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KUALA LUMPUR: Malaysia can be a model for the world as it is a Muslim country that embraces free enterprise, freedom and democracy, said United States Senator John McCain yesterday.
The ranking member of the US Senate Armed Services Committee was particularly impressed with the country’s “amazing” economic
McCain, the Republican candidate who lost to President Barack Obama in the 2008 US presidential elections, was also taken up by the political and social development in Malaysia.
“We are impressed by the entrepreneurship, the free enterprise system and the economic success here,” he said.
The plaudits came at a press conference organised by the US embassy at the tail end of a visit to the country by McCain and fellow member of the US senate, Joseph Lieberman.
McCain said he and Lieberman, an independent Democrat who was the Democratic candidate for the vice-presidency in 2000, had met Prime Minister Datuk Seri Najib Razak, Foreign Affairs Minister Datuk Seri Anifah Aman, business and civil society leaders and members of the opposition.
He said they discussed a variety of issues with Najib, including bilateral trade and US support for the Trans Pacific Partnership (TPP) and continued defence cooperation and exchanges between the two armed forces.
He said they also spoke about the issue of China in relation to the South China Sea, agreeing that the matter should be resolved through multi-lateral negotiations and not on a one-on-one approach currently being adopted by China.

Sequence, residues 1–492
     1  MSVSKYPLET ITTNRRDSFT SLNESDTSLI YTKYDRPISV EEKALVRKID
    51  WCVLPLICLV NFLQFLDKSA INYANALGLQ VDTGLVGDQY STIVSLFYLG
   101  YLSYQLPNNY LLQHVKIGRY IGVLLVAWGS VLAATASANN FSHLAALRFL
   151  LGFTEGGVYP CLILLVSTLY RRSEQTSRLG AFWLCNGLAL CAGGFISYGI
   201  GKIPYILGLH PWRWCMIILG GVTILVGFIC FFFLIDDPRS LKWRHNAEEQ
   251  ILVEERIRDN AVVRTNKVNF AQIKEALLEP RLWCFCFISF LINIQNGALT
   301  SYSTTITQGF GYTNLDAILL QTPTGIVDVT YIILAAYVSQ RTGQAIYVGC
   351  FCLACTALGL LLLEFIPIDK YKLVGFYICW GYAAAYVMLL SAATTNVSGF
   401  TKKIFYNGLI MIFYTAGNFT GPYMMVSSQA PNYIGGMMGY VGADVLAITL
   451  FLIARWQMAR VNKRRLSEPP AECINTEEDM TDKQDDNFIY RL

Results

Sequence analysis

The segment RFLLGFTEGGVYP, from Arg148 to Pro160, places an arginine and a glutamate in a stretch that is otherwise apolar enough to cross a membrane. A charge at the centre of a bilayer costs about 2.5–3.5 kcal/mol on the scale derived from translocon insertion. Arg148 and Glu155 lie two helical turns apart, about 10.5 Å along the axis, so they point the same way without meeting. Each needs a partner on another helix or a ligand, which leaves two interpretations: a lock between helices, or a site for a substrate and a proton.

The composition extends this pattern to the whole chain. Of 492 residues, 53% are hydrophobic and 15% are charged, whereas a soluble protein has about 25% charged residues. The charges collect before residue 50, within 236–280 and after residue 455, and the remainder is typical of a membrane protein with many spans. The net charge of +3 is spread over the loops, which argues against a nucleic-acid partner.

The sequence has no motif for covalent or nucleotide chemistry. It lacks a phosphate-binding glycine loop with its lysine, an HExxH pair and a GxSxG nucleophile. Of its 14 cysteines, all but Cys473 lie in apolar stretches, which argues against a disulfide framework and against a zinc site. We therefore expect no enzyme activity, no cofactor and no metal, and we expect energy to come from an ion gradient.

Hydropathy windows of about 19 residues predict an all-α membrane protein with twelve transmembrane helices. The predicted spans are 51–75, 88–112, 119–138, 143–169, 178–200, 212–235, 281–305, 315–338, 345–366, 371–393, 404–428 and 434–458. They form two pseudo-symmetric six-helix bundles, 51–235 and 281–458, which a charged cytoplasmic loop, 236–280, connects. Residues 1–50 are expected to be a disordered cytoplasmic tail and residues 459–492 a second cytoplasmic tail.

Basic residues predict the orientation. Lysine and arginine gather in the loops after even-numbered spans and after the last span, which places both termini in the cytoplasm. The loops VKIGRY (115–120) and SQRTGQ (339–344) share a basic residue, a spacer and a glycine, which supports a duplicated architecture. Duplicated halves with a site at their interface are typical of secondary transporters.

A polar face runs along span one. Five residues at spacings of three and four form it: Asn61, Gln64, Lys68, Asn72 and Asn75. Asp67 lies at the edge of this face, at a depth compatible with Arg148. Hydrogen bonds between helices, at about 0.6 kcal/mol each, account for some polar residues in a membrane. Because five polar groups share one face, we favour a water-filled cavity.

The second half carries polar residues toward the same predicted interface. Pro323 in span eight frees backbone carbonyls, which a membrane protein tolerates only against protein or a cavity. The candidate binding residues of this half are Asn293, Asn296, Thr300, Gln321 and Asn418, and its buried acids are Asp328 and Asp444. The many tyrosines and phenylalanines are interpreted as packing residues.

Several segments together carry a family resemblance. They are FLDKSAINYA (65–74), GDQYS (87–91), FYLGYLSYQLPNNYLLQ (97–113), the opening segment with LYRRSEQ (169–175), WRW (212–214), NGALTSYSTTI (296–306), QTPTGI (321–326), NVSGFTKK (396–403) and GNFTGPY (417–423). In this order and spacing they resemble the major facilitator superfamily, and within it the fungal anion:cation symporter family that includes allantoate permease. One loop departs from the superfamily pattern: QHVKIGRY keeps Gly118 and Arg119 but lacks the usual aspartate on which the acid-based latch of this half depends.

McCain said they also discussed the forthcoming general election with Najib, adding that he (McCain) looked forward to free and fair elections.
“We know that there are a number of issues surrounding the elections that are now being debated by the opposition and the government,” he said, adding that he encouraged such dialogue across the political divide.
To a question on how the US could counter-balance China’s increasing influence in the South China Sea, he said the US could deploy troops on a temporary basis in specific countries in the area like it did through joint exercises with Australia.
“But I want to emphasise that we do not envision confrontation with China (in the future),” adding that the US looked forward to strengthening military, economic and political ties with countries like Malaysia.
Lieberman, chairman of the US Homeland Security Committee, underlined the point that the Malaysian government was on the road to reform, adding that the bilateral relationship between the two countries had improved in recent years under the Najib administration.
On elections here, he said the Election Commission’s allowing of independent observers to monitor elections was a significant and constructive step forward, adding that he hoped that international monitors would be allowed in, too.
“I am encouraged to believe after our discussions with the government yesterday that this might well be possible.”
The senators, as guests of the Raja Muda Perak Raja Dr Nazrin Shah, attended a dinner on Wednesday organised by the Kuala Lumpur Business Club. Their next stop is the Shangri-La Dialogue in Singapore.